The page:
The rise of agriculture as an alternative asset class
Team: Stefan Ouma, Mangasini Katundu (Moshi Cooperative University, Tanzania)
Runtime: 2017-2021 (DFG, before: Chair of Economic Geography, Goethe Universität Frankfurt (Prof. Dr. Peter Lindner)
Funding: Deutsche Forschungsgemeinschaft (DFG)
Since the financial and food price crisis of 2007-8, the world has seen a surge in financial investment in arable land and agricultural production. In fact, global finance has been identified as one of the main causes of the so-called global land frenzy. The subprime shock of 2007-08 created great uncertainty among financial market players. Investors were suddenly looking for new alternative asset classes that promised higher risk-adjusted and more stable returns than established asset classes such as bonds, equities and real estate. Consequently, financial investors have strongly championed agriculture as an alternative asset class in recent years. Factors that seem to make this a safe asset class are a growing world population, changing dietary preferences towards meat and protein in so-called emerging countries, increasing demand for agrofuels and carbon sinks in the face of peak oil production and climate change, limited availability of agricultural land, stagnating or declining productivity levels in core production regions and crop failures caused by climate change. There is a growing body of literature attempting to shed light on the financial market-driven land frenzy. This includes a wide range of investment modalities that help turn farmland or agribusiness stocks into tradable financial products. This is where this project comes in.
This project has three goals. First, it aims to provide a nuanced understanding of the global evolution of agriculture as an “alternative asset class” and its architecture and dynamics. The second objective is to examine how agriculture-focused investments (with a particular focus on private equity approaches) work in concrete economic, politico-institutional and agricultural contexts (using the example of Tanzania and Aotearoa New Zealand), using a case study approach is tracked. In order to map the specific dynamics, risks, opportunities and challenges along the agricultural investment chain in very different contexts, this project tries to cover the entire investment chain from the asset owners through different types of intermediaries (e.g. placement agents) to asset managers and invested farms/companies. Finally, as part of this project, specific farms/companies will be visited in order to gain a well-founded insight into the mechanisms of agricultural investments.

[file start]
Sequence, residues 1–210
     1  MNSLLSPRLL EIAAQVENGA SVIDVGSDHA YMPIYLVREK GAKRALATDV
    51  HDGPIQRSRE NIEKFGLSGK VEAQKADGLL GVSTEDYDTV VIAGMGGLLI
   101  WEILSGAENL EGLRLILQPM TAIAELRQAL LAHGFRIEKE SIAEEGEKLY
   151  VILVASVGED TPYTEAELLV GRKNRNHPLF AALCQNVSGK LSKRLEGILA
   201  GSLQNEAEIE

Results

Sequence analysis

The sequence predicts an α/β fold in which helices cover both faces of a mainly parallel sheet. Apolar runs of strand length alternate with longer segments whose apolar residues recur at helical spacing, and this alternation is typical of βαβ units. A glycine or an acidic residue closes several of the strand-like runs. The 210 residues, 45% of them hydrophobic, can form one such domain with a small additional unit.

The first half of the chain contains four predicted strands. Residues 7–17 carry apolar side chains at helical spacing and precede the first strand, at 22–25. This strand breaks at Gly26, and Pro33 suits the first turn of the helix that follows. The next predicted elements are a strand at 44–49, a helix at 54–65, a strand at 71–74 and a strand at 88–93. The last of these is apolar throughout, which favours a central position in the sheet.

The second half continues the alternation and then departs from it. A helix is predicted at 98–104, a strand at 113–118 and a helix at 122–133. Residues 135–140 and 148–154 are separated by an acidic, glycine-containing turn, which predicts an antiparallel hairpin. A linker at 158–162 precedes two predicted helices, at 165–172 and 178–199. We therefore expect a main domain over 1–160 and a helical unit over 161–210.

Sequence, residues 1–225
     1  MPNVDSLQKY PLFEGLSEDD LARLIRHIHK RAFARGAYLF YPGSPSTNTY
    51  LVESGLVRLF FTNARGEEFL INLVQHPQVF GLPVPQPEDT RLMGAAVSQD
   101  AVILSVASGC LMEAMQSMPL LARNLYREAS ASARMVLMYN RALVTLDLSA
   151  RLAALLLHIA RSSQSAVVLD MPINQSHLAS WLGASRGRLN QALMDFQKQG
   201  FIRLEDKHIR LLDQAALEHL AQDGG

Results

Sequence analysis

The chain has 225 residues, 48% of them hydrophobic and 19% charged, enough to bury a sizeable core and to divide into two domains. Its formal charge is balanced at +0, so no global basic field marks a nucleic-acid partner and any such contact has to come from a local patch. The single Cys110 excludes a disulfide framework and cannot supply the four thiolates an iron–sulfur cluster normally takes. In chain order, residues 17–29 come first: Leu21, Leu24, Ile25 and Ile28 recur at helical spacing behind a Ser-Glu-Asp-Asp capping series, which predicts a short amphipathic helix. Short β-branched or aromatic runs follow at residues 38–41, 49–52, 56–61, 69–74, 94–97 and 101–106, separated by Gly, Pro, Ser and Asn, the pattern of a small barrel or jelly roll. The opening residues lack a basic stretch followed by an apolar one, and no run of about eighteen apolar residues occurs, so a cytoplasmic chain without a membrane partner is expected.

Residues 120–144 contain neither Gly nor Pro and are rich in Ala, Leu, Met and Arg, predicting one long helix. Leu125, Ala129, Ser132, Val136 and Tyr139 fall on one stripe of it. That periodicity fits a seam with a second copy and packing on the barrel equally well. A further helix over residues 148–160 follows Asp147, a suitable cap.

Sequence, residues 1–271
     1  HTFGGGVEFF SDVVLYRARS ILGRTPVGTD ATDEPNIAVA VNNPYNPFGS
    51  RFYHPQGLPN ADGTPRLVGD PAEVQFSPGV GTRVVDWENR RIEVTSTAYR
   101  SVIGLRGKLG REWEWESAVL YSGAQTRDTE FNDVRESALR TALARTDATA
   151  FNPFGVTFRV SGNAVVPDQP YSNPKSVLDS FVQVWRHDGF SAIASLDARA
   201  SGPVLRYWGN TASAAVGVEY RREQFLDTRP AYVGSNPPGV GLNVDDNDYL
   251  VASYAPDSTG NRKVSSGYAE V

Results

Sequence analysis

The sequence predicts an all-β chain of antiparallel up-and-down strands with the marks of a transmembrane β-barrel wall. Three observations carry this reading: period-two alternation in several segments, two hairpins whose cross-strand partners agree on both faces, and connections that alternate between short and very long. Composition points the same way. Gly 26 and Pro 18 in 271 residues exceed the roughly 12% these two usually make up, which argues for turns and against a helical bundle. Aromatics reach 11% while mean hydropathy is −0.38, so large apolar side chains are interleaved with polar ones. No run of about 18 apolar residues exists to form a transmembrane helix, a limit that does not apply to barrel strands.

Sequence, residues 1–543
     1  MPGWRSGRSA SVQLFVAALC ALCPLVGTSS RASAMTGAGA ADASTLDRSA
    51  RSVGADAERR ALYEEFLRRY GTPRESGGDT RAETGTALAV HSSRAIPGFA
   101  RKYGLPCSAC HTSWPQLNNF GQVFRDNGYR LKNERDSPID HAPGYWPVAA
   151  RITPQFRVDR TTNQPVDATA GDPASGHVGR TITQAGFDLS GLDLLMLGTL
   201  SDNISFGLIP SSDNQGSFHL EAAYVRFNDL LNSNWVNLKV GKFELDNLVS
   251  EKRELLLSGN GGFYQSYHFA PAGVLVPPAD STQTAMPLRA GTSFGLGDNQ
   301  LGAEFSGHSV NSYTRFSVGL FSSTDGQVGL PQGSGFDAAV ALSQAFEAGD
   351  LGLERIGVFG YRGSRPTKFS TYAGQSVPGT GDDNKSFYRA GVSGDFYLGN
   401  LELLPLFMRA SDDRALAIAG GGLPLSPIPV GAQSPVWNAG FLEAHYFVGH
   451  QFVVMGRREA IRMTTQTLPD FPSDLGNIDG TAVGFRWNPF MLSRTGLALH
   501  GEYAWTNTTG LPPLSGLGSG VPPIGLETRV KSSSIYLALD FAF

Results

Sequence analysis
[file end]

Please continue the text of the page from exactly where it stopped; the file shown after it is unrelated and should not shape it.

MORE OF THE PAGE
- Stefan Ouma: Farming as financial asset: global finance and the making of institutional landscapes. - Newcastle upon Tyne: Agenda Publishing, 2020. - XII, 208 S.
- Stefan Ouma: Agri-investment scholars of the world unite! : The finance-driven land rush as boundary object. In: Dialogues in Human Geography, (2022). - . doi:10.1177/20438206211069711
- Stefan Ouma: This can('t) be an asset class: The world of money management, “society”, and the contested morality of farmland investments. In: Environment and Planning A: Economy and Space, 52 (2020). - S. 66-87. doi:10.1177/0308518X18790051
- Stefan Ouma, Leigh Johnson, Patrick Bigger: Rethinking the financialization of "nature". In: Environment and Planning A: Economy and Space, 50 (2018). - S. 500-511. doi:10.1177/0308518X18755748
- Stefan Ouma: Situating global finance in the Land Rush Debate: A critical review. In: Geoforum, 57 (2014). - S. 162-166. doi:10.1016/j.geoforum.2014.09.006
- Stefan Ouma: From financialization to operations of capital : Historicizing and disentangling the finance–farmland-nexus. In: Geoforum, 72 (2016). - S. 82-93. doi:10.1016/j.geoforum.2016.02.003
- Stefan Ouma, Tobias Klinge: Commodities. In: Janelle Knox-Hayes, Dariusz Wójcik, Dariusz, (Hrsg.): The Routledge Handbook of Financial Geography. - New York: Routledge, 2021. - S. 208-231.